As you know, for the past several years, I’ve been writing about the challenges of illiberal and antidemocratic forces, rising alienation of the failing middle class, and technological changes making governance and social cohesion increasingly difficult. I’m starting to shift more toward trying to sketch out solutions, and actually creating new initiatives that, in their own small ways, may – in the words of an old colleague, Bill Drayton – make a “scratch on history.”
The next few updates will be unveiling the new platforms and initiatives I’ve been working on that I hope will help make more of a contribution. In this update, I want to start with several articles I’ve written recently that begin to spell out the framework for those efforts.
In a prior update, I mentioned my recent trip to Brussels, where I visited both the battlefield of Waterloo and the headquarters of the European Commission. In A Modern Waterloo, I described how a high-ranking Euro bureaucrat responded to my questions about the opposition to European (and, more generally, global) integration with the retort, “It doesn’t matter.” Similarly, “the great and good of Europe could congratulate themselves after Waterloo that the revolt of the lower orders, well, it didn’t matter”:
Those who believed that Waterloo meant they could now get back to ruling subject populations as they had for the previous half-millennium were therefore soon to be sorely disappointed…. The democratizing aspirations of the deplorables so feared by the aristocracy ultimately proved to be not only on the right side of history but also right.
That we’re at the end of another similar fin de siècle is evident even in such seemingly-quotidian issues as the never-ending health care struggle, which, I argued in Life after Obamacare, is really the last battle of the last century and the politics of the welfare state: “[I]n today’s polarized either/or environment, both parties are locked … in a duel to the death between a pre-20th Century vision of a market unpoliced by government and a mid-20th Century vision of government supplanting the market.” Other alternatives will soon overtake both positions “that better reflect the direction the world is headed – one of weakened states where other entities, including businesses, provide more and more of what used to be thought of as government services.”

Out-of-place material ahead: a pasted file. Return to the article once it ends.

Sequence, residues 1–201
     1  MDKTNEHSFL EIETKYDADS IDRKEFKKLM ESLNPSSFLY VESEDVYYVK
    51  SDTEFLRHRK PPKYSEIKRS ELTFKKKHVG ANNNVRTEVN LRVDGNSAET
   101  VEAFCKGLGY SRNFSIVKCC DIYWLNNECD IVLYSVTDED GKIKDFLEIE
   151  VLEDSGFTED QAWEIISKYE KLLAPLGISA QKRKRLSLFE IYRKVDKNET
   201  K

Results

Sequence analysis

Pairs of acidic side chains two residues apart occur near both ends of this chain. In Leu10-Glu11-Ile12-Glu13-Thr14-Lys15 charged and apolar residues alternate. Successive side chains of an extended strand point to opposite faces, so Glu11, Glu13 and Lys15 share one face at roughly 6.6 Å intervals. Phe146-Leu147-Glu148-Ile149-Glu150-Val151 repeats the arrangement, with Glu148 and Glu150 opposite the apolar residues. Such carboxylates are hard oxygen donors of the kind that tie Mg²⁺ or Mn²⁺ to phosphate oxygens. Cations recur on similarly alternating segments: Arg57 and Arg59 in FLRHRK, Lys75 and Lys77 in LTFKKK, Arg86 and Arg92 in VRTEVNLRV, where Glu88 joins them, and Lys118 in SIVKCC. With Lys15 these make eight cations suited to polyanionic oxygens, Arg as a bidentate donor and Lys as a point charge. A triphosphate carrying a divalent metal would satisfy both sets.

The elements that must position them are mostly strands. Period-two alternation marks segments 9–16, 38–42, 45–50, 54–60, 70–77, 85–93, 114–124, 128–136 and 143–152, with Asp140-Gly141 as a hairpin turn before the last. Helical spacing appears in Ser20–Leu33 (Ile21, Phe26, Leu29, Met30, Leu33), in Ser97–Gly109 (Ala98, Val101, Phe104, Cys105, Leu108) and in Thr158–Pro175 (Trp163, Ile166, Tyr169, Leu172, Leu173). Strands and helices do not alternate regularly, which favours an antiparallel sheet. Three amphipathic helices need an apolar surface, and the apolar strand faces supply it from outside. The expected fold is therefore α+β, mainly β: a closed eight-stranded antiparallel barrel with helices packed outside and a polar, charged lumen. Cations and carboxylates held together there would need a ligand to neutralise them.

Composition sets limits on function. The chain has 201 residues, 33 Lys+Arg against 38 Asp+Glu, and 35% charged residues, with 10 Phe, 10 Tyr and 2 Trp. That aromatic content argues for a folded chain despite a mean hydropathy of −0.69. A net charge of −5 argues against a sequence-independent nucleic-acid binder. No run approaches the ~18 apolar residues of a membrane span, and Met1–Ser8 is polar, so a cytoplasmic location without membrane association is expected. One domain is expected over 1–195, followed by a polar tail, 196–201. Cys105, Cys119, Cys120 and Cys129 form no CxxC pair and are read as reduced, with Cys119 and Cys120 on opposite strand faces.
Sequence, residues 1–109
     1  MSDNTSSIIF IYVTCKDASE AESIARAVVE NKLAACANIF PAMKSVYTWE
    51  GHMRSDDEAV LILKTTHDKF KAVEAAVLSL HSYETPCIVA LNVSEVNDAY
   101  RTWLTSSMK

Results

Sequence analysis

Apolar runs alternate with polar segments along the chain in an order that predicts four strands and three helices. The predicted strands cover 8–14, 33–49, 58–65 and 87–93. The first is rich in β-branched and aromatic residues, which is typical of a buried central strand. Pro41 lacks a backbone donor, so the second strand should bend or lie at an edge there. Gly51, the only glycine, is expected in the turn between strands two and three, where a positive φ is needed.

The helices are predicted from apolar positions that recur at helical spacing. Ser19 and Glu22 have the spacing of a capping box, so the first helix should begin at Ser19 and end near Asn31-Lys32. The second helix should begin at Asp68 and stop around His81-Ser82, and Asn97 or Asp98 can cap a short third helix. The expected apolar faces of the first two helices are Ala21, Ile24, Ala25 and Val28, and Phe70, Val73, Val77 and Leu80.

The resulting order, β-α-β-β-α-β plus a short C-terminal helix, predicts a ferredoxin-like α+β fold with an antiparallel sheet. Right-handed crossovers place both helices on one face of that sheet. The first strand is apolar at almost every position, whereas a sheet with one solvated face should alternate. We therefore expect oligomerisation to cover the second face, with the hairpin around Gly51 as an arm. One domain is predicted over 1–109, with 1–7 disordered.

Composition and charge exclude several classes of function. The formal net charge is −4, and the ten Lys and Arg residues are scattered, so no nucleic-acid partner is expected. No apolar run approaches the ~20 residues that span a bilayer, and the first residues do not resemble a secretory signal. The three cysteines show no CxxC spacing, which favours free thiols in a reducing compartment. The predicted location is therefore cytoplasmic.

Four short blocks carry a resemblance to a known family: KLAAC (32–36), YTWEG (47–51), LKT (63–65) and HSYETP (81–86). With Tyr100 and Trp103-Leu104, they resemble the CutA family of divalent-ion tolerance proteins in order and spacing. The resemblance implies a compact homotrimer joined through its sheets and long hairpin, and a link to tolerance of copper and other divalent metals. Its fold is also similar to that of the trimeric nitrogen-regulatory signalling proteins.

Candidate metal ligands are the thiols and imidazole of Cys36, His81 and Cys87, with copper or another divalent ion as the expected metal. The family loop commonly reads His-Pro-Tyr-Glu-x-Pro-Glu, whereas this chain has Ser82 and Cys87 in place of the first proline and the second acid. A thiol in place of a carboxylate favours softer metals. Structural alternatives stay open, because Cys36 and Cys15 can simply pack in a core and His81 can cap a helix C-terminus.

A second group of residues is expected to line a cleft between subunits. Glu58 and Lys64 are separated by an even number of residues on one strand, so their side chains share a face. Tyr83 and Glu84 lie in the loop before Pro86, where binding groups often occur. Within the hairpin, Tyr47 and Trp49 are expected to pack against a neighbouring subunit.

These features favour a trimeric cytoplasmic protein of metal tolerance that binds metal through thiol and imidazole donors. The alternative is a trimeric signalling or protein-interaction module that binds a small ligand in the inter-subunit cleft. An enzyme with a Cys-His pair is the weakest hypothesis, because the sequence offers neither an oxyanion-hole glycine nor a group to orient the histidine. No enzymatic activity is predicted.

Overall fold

Is there hope of resolution in this increasingly polarized society? Yes, but perhaps in diversity more than consensus – if we can learn to live with that. In an Independence Day riff on a Harvard Business Review study (of all things), I spent some time musing on How environmental factors affect our politics. The study discussed in the HBR found that people in more densely-populated areas tend to be more “future-oriented,” which leads to all sorts of behavioral and attitudinal differences:
Environmental factors – like community size and density – not surprisingly affect the strategies organisms (like, say, people) adopt … for every other aspect of dealing with their interactions with others. This includes fundamental questions about how to structure those dealings – centralized or decentralized, coercion by law or through social ostracism – and issues that flow from these such as taxes versus charity…, attitudes toward crime and terrorism, receptivity to immigration and trade, regulation of business activities or firearms, in short virtually everything.… Which may mean that, if we are to remain United States, and celebrate many more holidays of shared nationhood and shared values together, we will need to learn better to accept that the other side may be coming from a different place on major issues not because these other Americans are evil or irrational, but simply, well, coming from a different place.
And that brings me to my piece this week in US News: A Better Future for Democrats: We need to start recognizing both the challenges and the opportunities that an increasingly centripetal world poses to modern ideologies. “The left needs to reconceptualize what ‘government’ – or, more specifically, liberalism – might look like in a post-industrial, post-mass-produced world. The ability to individually customize mass-produced items is the hallmark of the New Economy.”
The challenge for progressivism and liberalism today is not how it can compete with the revival of anti-liberal ideologies of the 1930s with a similarly retro agenda from the ’30s – it is how to further progressive aims like meaningful opportunity, economic security and constraint of the powerful in a world where the traditional enforcement mechanisms of collective action to achieve these aims are increasingly undermined by emerging technologies.
The same technologies that give rise to the challenges also offer solutions. I’ll be discussing possible solutions – and the initiatives I’m launching – in future updates over the next month.